US stocks are turning negative as investors start to abandon tech-heavy positions before the technology giants start to report.  Alphabet posts earnings after the close, Facebook and Microsoft report tomorrow, and Amazon and Apple deliver results on Thursday.  Much of the earlier rally stemmed from a steady flow of positive news on the virus front.  Reopening economies is the theme of the week and new COVID-19 cases in the US are slowing down considerably (yesterday was slowest pace in April). 

Global equities are at a key moment right now.  Last week was the beginning of the end of the V-shaped recovery for many investors, and today’s initial surge took out that high (likely stopping out many short bets).  Too many questions marks remain with the outlook for global economy and if the Treasury market is telling us something, we could see risk aversion dominate the rest of the week. 

The risk-off move accelerated after the Cares 2 relief bill appears to not be ready. The House will not be coming in to DC net week as COVID-19 cases are still escalating in the nation’s capital. Any delays with additional coronavirus stimulus will continue to sink stocks.

Treasury yields are lower across the board, with the 10-year trading comfortably in the middle of its April trading range.  The dollar is paring losses following the reversal in equities and Treasury markets.   


The upcoming Fed meaning will shine some light to the plethora of stimulus measures unveiled over the past couple months.  The devil is in the details and this meeting will draw scrutiny to the effectiveness and the duration of these policy measures, and whether the Fed can endure a ballooning balance sheet.

With uncertainty remaining on how long coronavirus pandemic economic pain will last, the Fed will likely deliver minimal forward guidance on how long rates will stay at near zero levels.  This Fed meeting will likely see no new initiatives announced, pretty much the only thing they are not buying are stocks. 

The Fed’s past three intra-policy meetings have delivered emergency measures that pretty much told investors that “the Fed’s got their back.”  The Fed has eased concerns of dislocations in the Treasury, credit and ETF markets.  Expectations are high for the Fed to keep the stimulus coming as the unemployment seems poised to surge to ~20% and no one has a handle on how bad the damage will be in the second quarter.  The base case scenario is that the Fed will keep ballooning the balance towards $10 trillion, with another $3.4 trillion expected over the next couple months.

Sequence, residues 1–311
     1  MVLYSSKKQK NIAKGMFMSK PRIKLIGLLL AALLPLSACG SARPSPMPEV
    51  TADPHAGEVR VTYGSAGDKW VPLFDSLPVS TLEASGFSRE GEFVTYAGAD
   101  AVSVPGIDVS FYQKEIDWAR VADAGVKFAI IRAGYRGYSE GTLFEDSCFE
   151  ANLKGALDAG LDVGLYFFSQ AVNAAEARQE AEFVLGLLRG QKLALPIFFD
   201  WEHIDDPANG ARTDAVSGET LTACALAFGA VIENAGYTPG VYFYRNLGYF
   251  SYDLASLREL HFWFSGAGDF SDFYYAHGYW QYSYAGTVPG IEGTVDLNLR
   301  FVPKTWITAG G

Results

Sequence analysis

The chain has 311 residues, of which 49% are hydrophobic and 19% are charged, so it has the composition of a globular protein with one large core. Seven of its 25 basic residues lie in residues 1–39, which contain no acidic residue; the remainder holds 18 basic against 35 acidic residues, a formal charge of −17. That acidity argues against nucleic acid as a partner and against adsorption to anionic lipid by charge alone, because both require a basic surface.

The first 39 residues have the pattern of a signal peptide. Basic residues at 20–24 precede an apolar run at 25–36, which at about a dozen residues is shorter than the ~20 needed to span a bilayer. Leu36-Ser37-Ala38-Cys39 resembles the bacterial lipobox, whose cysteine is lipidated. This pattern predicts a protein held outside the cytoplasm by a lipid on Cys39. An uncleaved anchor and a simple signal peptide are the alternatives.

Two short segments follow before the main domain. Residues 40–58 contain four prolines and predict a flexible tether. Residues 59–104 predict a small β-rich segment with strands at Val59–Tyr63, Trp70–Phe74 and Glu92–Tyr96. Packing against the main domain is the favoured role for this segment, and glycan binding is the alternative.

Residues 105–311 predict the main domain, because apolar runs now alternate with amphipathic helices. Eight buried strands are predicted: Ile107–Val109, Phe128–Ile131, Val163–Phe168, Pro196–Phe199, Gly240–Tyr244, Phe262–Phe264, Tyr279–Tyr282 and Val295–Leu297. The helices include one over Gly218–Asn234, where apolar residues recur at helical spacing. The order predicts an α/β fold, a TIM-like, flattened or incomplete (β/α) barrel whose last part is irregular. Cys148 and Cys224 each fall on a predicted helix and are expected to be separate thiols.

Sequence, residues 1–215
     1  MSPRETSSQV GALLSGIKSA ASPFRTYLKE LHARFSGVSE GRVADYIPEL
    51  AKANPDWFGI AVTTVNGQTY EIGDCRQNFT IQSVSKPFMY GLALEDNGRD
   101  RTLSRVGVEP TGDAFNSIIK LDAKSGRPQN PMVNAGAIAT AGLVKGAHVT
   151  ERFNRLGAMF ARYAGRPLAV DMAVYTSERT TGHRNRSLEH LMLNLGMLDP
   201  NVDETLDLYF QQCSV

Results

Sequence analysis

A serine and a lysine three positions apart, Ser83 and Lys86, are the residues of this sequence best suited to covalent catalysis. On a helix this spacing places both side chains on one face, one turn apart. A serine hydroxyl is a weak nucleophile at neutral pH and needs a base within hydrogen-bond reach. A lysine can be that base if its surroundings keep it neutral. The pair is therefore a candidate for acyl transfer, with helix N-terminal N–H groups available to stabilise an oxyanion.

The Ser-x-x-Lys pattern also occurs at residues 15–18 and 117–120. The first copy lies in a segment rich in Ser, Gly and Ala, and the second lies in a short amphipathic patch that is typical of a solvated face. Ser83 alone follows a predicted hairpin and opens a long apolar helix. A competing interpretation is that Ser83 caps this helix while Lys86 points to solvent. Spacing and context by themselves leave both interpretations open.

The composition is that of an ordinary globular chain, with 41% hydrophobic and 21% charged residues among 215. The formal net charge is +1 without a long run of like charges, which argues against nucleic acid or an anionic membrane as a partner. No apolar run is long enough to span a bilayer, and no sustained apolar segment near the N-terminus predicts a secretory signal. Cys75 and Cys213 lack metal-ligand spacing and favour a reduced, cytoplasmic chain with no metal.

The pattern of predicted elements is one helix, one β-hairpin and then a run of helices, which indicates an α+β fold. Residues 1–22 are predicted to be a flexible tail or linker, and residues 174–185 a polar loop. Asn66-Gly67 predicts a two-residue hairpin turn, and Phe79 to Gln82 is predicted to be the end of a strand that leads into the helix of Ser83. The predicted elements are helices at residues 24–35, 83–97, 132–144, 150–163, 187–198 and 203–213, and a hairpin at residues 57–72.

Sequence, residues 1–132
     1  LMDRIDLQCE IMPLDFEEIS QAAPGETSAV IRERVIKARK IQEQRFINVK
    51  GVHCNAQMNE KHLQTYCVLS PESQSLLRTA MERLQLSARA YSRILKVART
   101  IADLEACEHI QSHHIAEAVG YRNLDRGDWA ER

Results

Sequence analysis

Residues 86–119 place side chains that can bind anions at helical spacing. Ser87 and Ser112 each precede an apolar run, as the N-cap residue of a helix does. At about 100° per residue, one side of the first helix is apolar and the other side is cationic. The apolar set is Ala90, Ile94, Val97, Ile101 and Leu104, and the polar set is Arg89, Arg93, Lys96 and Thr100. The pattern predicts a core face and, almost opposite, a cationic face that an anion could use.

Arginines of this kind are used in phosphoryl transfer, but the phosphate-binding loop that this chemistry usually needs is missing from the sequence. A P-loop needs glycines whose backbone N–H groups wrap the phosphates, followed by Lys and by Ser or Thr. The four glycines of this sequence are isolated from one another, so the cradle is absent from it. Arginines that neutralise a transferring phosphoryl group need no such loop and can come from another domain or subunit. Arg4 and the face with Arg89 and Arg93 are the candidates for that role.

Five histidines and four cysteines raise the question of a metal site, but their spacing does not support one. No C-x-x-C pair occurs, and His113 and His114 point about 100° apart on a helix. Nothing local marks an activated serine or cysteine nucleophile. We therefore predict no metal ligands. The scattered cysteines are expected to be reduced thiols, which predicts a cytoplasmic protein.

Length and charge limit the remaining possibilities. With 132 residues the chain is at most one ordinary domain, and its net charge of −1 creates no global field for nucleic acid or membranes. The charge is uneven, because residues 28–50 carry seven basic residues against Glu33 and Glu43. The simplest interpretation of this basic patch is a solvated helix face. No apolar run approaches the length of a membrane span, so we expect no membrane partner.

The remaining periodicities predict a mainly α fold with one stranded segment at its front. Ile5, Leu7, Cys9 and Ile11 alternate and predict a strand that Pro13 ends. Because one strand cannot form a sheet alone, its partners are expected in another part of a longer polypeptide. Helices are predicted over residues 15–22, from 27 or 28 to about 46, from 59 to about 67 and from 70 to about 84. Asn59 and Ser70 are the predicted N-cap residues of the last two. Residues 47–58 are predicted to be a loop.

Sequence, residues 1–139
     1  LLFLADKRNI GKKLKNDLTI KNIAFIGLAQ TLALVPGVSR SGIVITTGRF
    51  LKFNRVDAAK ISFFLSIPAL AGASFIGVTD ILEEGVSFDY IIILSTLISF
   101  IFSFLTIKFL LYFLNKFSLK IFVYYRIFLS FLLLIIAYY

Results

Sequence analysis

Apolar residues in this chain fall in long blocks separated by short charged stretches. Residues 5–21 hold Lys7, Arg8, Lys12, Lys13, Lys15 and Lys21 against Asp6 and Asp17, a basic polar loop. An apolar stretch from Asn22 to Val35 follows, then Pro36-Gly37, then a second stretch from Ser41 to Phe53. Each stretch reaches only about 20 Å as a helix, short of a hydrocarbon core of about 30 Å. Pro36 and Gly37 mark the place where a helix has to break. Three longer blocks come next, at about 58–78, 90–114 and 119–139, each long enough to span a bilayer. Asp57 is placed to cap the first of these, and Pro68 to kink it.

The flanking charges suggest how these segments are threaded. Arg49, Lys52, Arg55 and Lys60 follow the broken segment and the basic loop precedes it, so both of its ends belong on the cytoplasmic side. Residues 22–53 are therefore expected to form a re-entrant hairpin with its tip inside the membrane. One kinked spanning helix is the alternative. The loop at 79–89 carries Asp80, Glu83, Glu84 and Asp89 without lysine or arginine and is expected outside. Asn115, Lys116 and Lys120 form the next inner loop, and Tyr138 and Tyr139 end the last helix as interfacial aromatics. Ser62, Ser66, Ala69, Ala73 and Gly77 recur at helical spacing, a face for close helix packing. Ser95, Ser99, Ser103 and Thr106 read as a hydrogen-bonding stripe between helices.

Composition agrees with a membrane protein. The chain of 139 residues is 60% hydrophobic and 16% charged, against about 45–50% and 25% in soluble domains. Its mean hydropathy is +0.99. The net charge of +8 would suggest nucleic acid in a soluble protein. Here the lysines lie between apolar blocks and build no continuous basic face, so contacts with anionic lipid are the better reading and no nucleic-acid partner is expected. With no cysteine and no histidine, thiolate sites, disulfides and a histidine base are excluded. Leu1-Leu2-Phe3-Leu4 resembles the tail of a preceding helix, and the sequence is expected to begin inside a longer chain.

Oil erased an earlier loss after ETFs appear to have finished rolling contracts out of the June WTI crude contract.  The USO oil fund loss $1.19 billion in March following the collapse in oil prices which was accompanied by mounting hedge fund selling. 

Oil prices extended their gains after Turkish press reported a bomb detonated on an oil tanker in the northern Syrian city of Afrin killed at least 10 people. 

WTI crude prices are tentatively respecting the $10.00 a barrel level, but that might last as oversupply conditions will have tank tops reached in the coming weeks.  Oil trade will remain volatile, but any major relief rallies will likely be heavily sold into until the entire energy space starts delivering deeper production cuts. 


Gold prices got punished after a wrath of corporate updates saw the majority of the companies that reported traded in the green.  Despite several companies removing their 2020 guidance (UPS, 3M, and Pepsi) and others saying that more pain is coming (Caterpillar, 3M, and Merck), most companies are managing to shore up their balance sheets and on the global front they are signaling optimism is growing that China’s recovery is sticking. 

Gold prices are down for a third consecutive day, but still very much in a consolidation pattern that still could support a thrust higher.  Gold’s bullish outlook mainly revolves around high expectations that the Fed will deliver another $3 trillion in stimulus, while the US government is good for $2 trillion more over the next couple months. 

By Ed Moya